Nov. 28, 2006
Nov. 30, 2006

Nov. 29, 2006


You can find other sources for breaking news about Pope Benedict XVI's trip to Turkey, so I thought that here you might want to see some different commentary and analysis. Click here for a piece about how Turkey has been moving toward a more Islamic identity. For Catholic commentator Maggie Gallagher's take on the trip, click here. For an interesting editorial about the trip from a Lebanese perspective, click here. And for a CBS News reporter's notebook about the journey, click here.

* * *


This past weekend, my bride and I went for a wedding anniversary getaway to Weston, Mo., just north of Kansas City.

Weston1We both grew up in small towns (Weston's population is about 4,000) and now and then like to spend time in them.

Because it was the post-Thanksgiving shopping weekend, the little shops downtown were filled with customers and an amazing amount of stuff. And I began to ponder how a small town Christmas shopping experience is any different from going to a mega-mall. I also began to think about what either experience has to do with the birth of Jesus.

I know that it's probably easier on my brain just to enjoy wandering through the shops and looking at the candles and ornaments, jewelry and junk. But my brain has a mind of its own and often goes wandering into uncharted territory without my permission.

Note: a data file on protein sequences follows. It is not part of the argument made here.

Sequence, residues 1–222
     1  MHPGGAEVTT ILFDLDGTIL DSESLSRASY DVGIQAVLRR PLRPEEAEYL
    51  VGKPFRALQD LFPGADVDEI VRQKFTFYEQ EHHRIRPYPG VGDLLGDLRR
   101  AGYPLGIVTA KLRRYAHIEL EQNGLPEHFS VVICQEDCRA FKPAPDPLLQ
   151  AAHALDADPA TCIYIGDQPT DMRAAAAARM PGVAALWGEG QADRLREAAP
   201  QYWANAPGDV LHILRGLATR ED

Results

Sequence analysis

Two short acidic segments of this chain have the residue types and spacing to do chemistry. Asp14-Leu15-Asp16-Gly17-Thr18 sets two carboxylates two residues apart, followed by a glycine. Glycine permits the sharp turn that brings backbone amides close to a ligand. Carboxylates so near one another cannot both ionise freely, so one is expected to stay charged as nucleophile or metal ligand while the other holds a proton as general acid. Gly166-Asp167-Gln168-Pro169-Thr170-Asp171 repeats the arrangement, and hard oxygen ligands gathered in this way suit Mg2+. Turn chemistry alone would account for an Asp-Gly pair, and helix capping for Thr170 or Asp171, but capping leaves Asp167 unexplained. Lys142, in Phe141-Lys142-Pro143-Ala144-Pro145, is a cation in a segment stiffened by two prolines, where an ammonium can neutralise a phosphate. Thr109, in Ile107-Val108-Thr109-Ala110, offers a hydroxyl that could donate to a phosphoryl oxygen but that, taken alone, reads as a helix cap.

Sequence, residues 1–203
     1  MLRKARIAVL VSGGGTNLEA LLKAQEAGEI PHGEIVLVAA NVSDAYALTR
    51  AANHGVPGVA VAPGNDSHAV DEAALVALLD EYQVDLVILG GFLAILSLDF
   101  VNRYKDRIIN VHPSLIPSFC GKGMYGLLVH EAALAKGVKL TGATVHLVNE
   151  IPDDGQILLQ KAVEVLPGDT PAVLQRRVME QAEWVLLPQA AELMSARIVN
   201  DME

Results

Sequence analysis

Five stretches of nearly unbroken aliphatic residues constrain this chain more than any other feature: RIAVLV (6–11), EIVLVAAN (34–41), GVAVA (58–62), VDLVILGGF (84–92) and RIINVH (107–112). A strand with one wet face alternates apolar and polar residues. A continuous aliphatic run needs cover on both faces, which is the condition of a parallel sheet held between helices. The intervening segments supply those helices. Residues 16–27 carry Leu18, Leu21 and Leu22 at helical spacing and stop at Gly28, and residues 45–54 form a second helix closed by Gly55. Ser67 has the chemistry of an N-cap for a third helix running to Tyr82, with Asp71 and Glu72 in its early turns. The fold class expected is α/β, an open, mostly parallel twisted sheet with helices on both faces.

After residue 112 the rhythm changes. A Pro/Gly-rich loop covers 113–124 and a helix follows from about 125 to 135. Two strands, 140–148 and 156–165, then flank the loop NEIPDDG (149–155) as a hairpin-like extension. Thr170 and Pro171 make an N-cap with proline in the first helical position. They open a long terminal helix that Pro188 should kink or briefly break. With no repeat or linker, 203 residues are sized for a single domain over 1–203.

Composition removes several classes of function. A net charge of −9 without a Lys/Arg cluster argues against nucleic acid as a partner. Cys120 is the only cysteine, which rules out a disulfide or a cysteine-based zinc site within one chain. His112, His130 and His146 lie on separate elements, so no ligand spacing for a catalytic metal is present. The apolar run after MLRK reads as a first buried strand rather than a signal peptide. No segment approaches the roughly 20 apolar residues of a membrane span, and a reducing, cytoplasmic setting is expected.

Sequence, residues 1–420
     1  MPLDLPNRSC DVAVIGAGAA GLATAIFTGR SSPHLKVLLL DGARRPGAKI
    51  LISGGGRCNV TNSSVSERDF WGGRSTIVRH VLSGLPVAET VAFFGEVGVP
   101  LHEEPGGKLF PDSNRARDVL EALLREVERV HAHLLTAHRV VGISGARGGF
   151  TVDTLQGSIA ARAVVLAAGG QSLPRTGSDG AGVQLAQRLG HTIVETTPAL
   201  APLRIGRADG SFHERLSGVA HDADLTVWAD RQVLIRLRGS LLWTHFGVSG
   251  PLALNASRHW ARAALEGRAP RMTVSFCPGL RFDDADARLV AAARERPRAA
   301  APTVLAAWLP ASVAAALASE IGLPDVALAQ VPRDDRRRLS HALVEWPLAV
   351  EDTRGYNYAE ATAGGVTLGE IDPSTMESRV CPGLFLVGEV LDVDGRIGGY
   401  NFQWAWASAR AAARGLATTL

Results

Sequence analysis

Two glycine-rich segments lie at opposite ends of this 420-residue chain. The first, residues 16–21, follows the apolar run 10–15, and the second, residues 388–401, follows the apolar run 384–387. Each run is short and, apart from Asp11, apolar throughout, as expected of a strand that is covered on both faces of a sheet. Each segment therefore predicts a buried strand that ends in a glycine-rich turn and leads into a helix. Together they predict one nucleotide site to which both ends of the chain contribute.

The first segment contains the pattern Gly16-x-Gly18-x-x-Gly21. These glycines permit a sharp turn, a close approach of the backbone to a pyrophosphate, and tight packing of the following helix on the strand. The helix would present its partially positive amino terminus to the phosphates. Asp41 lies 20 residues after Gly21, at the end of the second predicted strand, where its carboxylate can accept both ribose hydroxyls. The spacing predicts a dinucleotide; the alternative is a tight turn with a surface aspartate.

Anyway, if I have to go Christmas shopping, I prefer not to do it at a mall. So right off the bat Weston or any small town beats any mall.

Weston4Instead of a cloned Santa Claus, for instance, in Weston you get Father Christmas wandering the streets, as he's done there for about 20 years in the employ of local merchants through the Chamber of Commerce and visitors bureau. He'll even stop to have his picture taken with journalists.

If you press Father Christmas, as I did a little, you discover his real name is Tom Hooper, and he really does enjoy this seasonal work.

But if we're talking about what Christmas really is -- or should be -- about, how is buying a locally made work of art in a small town, say, different from buying a big-screen TV at a mall? Yes, I'd rather support a local artist than a foreign TV-making company, but that would be true completely aside from the Christmas season and completely aside from enjoying the fact that Gravy the cat lives in and wanders around in downtown Weston pretty much at will.

Weston12What happens, whether at a mall or in a small town, is that we begin to mix and merge our secular customs with our religious ones, and the result is, I think, a dimunition of religious meaning.

What can it possibly mean to have a Santa Claus statue painted with the words "Peace on Earth"? Isn't that like having a stuffed Easter Bunny wearing a T-shirt that says, "He is risen"?

Weston11I'm really not trying to be Scrooge here. I love Christmas. I love watching my children and grandchildren give and get gifts.